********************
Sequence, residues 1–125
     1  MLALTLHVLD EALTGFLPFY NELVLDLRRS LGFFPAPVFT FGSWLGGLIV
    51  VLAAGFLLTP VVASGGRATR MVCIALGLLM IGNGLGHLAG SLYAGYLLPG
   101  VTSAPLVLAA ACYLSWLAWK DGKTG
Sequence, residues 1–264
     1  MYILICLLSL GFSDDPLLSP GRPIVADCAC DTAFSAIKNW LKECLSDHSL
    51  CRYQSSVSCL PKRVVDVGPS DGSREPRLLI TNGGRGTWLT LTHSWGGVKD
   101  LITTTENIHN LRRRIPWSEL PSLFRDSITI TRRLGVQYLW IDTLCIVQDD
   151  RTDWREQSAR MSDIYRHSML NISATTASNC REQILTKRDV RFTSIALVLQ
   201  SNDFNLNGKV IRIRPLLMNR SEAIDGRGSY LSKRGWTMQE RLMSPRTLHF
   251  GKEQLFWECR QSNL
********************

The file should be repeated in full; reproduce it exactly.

Sequence, residues 1–125
     1  MLALTLHVLD EALTGFLPFY NELVLDLRRS LGFFPAPVFT FGSWLGGLIV
    51  VLAAGFLLTP VVASGGRATR MVCIALGLLM IGNGLGHLAG SLYAGYLLPG
   101  VTSAPLVLAA ACYLSWLAWK DGKTG
Sequence, residues 1–264
     1  MYILICLLSL GFSDDPLLSP GRPIVADCAC DTAFSAIKNW LKECLSDHSL
    51  CRYQSSVSCL PKRVVDVGPS DGSREPRLLI TNGGRGTWLT LTHSWGGVKD
   101  LITTTENIHN LRRRIPWSEL PSLFRDSITI TRRLGVQYLW IDTLCIVQDD
   151  RTDWREQSAR MSDIYRHSML NISATTASNC REQILTKRDV RFTSIALVLQ
   201  SNDFNLNGKV IRIRPLLMNR SEAIDGRGSY LSKRGWTMQE RLMSPRTLHF
   251  GKEQLFWECR QSNL